In a letter addressed to the Government of Pakistan, the former chairman of the Indus River System Authority stated that “Pakistan is dangerously exposed to devastating floods and crippling load shedding at any time in the future, for no new dams have been built for the last 47 years. The existing reservoirs have silted by 6.5 MAF due to salting. There is a lack of water management and the planners of storage dams have ignored their capacity inflow ratio. Saline lands have been put under ill-conceived salinity control and reclamation projects and national drainage programs, which have later failed and subsequently abandoned. The irrigation system lacks proper drainage, and there is no way to evacuate injurious salts.”

Pakistan needs to invest in over 22-25 million acre feet (MAF) of water storage, against the 38 MAF of storage capacity already acquired by India. India has silently built over 200 dams, 32 of which are large enough to functionally cease the inflow of up to 38 MAF of water to Pakistan at will. This can practically destroy our crops during the Rabi season. Foreign media reports have also indicated that India has raised the stakes even higher for Pakistan: it plans to construct 12 new dams across the Kabul River – pushing the two countries ever closer to a water-war.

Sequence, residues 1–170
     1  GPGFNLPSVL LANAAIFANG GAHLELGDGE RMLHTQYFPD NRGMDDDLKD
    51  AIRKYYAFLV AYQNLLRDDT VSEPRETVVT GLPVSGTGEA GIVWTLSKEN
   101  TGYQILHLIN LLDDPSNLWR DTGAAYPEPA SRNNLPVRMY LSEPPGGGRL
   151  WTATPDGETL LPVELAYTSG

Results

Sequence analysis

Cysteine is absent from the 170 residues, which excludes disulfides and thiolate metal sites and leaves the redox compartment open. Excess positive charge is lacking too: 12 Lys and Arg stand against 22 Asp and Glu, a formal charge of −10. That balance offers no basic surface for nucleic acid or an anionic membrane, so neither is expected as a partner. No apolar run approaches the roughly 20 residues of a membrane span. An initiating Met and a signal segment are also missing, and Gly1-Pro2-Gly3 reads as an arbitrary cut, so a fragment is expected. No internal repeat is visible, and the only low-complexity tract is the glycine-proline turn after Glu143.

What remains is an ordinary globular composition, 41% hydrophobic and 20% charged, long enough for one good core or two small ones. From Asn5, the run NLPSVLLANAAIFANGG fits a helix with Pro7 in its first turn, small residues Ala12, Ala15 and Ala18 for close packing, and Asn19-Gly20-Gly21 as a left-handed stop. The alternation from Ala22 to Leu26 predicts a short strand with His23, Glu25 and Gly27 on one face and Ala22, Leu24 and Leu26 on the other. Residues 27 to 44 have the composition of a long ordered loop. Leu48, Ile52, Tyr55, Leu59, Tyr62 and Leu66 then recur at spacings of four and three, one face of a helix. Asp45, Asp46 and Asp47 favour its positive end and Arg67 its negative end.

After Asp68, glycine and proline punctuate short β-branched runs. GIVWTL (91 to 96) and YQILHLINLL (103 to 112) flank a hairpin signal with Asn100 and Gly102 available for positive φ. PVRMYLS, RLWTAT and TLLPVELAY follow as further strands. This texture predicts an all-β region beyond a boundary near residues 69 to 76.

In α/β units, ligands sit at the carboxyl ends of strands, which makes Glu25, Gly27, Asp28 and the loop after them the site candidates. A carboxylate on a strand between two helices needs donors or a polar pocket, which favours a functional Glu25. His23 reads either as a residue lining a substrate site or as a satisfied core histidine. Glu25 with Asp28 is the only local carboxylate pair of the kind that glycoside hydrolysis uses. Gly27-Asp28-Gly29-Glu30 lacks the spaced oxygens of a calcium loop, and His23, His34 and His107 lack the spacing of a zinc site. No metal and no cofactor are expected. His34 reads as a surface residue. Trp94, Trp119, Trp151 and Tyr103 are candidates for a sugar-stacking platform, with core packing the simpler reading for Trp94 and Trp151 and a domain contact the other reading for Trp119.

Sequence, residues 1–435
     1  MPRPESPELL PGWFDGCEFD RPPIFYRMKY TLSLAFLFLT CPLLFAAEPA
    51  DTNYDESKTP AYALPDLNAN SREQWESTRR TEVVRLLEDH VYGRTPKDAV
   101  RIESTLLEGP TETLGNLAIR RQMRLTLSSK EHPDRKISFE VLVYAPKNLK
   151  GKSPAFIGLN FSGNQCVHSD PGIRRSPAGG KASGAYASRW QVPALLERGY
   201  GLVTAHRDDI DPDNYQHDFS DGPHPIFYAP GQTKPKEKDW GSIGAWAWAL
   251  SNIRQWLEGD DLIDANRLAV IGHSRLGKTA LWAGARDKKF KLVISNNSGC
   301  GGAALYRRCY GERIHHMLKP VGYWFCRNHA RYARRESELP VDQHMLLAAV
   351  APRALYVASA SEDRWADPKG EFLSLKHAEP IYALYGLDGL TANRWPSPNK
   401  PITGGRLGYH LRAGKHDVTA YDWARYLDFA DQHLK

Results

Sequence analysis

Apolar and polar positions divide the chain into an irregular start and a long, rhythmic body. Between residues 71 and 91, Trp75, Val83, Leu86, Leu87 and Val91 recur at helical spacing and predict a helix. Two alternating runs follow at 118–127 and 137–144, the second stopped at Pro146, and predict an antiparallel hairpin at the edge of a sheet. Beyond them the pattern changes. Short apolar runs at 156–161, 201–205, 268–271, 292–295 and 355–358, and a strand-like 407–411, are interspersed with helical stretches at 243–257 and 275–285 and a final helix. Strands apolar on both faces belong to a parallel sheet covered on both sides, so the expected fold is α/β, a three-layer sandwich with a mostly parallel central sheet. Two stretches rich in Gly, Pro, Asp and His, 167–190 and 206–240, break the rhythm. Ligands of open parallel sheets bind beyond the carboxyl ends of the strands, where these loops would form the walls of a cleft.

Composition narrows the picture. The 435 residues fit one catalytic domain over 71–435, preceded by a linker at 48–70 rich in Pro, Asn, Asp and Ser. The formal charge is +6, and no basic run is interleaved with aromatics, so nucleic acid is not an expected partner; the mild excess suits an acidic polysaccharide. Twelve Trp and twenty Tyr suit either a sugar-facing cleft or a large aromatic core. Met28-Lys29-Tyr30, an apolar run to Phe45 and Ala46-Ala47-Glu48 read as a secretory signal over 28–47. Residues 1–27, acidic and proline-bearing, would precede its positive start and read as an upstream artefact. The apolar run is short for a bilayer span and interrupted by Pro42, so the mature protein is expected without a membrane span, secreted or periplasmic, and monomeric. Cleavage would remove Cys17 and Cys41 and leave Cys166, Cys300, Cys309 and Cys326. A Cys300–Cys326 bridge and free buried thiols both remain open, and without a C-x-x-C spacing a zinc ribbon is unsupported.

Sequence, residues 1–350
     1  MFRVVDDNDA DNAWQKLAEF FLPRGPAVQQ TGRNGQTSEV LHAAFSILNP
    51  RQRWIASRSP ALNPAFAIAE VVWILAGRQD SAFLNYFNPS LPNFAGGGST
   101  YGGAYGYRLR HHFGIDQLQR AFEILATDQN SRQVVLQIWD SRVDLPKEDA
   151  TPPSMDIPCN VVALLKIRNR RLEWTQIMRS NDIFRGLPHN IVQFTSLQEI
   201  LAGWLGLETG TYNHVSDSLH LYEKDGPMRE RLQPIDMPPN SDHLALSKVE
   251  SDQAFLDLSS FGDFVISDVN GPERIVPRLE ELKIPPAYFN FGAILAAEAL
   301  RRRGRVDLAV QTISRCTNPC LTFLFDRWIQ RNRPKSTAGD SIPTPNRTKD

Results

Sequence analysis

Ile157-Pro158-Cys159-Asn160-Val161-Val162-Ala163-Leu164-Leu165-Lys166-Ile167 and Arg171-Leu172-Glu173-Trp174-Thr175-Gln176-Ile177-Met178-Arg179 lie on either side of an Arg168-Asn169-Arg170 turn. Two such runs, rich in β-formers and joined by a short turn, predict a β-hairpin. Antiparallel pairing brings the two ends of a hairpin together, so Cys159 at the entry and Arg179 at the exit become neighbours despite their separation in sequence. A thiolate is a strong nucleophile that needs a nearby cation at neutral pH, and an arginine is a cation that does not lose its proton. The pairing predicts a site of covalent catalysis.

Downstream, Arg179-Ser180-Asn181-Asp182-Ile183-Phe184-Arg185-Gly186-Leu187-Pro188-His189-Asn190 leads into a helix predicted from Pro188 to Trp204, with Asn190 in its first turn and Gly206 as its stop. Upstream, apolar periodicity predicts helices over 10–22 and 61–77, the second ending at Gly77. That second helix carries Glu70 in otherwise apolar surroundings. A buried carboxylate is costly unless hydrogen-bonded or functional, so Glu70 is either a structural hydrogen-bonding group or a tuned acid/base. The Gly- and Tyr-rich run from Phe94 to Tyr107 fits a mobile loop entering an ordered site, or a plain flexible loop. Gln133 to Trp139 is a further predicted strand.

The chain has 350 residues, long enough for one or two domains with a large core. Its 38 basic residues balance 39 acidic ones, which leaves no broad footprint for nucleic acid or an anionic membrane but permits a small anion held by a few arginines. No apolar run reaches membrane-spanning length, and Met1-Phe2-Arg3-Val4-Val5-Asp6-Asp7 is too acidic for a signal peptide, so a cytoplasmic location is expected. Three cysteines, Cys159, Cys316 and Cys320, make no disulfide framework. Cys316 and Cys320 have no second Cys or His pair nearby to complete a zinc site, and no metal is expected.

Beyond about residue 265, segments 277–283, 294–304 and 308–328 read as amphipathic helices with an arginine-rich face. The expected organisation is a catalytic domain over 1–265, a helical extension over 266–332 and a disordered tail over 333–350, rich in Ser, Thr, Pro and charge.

For starters, we need to revamp our 165-year-old canal irrigation system through integrated water management. The aim should be to save the 50 MAF of water being wasted annually. We must also ensure that we build surface and sub-surface tile drainage to control salinity and remove dangerous salts out of the water. A recent study by the World Bank has pointed to the Skardu valley as the source of silt in our river systems: if a dam is built there, we can not only deal with this menace, but can also store up to 35 MAF of water. This can additionally fetch us over 10,000 megawatts of hydropower. Pakistan is not alone on this crisis.